Forget fancy financial models derived from quantum physics. The solution to low returns in banking may lie in the car industry of 30 years ago, in a Toyota-style production-line revolution replacing people with machines.
The idea is being championed by Barclays' new chief executive Antony Jenkins. He has held up the Japanese car industry as a model for tackling poor productivity in financial services, and reportedly told investors that automated processes could eliminate 30 per cent of Barclays' workforce ? or 40,000 jobs ? over the next 10 years.
If this is so easy, why hasn't it been done before? Mainly because the banking industry could afford to be lazy before the crisis struck. Revenue growth outstripped rising costs. But the few European banks that have thought like Toyota have the results to show for it. Systems-savvy Swedbank and Handelsbanken have pre-tax operating margins of above 50 per cent. Apply that to Barclays' UK retail bank and pre-tax profit would more than double ? the highest operating margin the business has enjoyed in the last three years is 22 per cent.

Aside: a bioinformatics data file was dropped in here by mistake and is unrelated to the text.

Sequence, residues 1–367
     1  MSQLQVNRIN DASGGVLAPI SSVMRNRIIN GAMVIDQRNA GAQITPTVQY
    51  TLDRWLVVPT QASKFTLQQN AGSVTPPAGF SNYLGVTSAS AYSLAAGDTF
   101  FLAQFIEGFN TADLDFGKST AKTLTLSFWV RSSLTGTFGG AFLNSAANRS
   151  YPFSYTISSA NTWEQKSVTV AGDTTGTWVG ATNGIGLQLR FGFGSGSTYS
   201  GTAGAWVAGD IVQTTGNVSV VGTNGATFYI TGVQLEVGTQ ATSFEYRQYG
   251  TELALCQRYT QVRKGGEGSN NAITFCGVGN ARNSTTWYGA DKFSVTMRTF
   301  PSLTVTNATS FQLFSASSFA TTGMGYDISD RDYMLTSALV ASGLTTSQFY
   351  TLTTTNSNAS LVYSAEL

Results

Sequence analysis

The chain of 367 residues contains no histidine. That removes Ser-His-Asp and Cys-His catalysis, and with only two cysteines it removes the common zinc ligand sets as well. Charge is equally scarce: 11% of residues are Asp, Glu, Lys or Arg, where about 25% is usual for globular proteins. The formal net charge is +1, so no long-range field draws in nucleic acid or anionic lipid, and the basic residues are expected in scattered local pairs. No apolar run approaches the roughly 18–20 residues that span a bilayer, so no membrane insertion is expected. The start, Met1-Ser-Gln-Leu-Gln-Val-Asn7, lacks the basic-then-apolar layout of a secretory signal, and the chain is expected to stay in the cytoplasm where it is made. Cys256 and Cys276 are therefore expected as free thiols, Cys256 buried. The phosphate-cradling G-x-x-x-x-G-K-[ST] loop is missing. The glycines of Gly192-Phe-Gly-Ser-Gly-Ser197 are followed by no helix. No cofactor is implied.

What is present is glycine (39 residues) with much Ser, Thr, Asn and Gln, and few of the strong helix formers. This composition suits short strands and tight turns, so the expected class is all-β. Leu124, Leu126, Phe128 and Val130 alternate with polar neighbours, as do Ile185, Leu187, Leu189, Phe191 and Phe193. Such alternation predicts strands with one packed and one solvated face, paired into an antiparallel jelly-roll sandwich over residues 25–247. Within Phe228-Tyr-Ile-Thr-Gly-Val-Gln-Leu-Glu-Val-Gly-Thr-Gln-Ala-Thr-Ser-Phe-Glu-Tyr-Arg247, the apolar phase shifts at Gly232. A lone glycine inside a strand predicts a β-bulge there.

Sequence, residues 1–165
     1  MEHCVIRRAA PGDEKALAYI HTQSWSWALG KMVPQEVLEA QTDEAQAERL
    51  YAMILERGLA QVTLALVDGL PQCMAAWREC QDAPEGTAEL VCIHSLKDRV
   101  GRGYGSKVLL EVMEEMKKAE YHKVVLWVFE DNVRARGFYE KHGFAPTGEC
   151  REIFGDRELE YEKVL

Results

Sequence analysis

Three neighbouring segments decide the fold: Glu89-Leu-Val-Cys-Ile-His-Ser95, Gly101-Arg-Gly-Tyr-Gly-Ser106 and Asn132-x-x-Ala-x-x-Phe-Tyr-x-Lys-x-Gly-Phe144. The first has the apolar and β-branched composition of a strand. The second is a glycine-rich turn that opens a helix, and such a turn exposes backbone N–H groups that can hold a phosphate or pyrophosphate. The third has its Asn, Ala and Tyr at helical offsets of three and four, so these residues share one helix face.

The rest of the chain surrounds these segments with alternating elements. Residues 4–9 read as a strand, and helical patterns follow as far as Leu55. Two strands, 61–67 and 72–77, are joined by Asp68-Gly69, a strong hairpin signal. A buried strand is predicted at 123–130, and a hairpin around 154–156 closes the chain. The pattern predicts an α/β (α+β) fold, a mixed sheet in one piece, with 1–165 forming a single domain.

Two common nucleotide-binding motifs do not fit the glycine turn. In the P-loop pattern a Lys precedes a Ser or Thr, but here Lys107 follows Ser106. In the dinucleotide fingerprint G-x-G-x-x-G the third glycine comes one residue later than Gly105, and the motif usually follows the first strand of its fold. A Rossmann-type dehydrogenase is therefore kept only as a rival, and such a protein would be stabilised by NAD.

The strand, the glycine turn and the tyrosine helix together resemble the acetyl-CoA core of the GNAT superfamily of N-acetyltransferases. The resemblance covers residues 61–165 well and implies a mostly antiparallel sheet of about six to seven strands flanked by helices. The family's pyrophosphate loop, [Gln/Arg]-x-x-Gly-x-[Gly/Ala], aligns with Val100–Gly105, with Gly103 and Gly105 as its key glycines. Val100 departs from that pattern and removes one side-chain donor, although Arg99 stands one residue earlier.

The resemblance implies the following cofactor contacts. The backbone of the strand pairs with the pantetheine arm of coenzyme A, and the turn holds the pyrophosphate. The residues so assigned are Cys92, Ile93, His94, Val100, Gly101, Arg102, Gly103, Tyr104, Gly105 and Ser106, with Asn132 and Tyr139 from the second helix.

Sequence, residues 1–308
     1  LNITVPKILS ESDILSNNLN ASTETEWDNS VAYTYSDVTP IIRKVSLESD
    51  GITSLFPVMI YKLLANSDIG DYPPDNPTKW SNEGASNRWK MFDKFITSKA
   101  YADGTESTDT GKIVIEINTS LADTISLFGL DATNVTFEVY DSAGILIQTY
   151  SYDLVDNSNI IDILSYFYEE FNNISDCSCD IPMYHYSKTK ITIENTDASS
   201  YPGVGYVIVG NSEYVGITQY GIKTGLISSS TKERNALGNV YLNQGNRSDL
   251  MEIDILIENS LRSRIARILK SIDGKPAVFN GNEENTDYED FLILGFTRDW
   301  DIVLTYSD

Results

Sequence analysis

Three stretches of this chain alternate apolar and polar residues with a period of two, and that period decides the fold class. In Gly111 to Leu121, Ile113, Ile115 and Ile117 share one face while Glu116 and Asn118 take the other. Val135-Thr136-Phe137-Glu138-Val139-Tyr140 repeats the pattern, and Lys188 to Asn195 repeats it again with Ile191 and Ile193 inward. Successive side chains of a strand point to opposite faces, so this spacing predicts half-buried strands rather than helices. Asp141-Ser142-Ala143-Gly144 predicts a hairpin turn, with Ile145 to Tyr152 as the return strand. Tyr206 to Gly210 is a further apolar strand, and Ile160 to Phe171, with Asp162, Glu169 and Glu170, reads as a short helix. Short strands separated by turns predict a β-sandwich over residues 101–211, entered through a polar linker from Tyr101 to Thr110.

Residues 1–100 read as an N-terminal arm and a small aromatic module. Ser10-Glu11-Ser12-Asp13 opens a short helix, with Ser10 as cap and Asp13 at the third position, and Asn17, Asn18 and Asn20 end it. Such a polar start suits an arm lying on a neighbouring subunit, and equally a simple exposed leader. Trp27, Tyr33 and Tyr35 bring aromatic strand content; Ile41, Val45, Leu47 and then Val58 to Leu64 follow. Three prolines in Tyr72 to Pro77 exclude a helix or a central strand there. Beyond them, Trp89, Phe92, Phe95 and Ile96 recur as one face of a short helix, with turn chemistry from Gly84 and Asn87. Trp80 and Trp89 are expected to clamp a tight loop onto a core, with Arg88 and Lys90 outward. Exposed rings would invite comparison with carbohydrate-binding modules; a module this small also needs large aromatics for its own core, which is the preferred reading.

In investment banking, new rules are already forcing human capital out of the industry. Highly structured trades that require human brainpower to arrange and process are being regulated away. A large part of the swaps market could go from being traded over-the-counter to on-exchange at lower cost, according to an investor survey conducted by Morgan Stanley.
But retail banking is where the biggest gains may be possible. Executives say that many tortuous back-office processes done by people could be mechanised, and done faster, more reliably and cheaply. There are parallels with telecoms as well as cars. That industry saw costs and people cut by 30 to 50 per cent in the 1990s, according to McKinsey.
The difficulty is that a robot revolution would have a big impact on wider society. An industry bailed out by the taxpayer would be withdrawing generally low-skilled, back-office jobs from the economy. Remaining staff will tend to be higher earners, so average pay in banks would be seen to rise. Banks would end up looking even more self-serving and less supportive of wider society. With Jenkins also advocating that banks should have a positive social impact, he may learn that he can't have it all.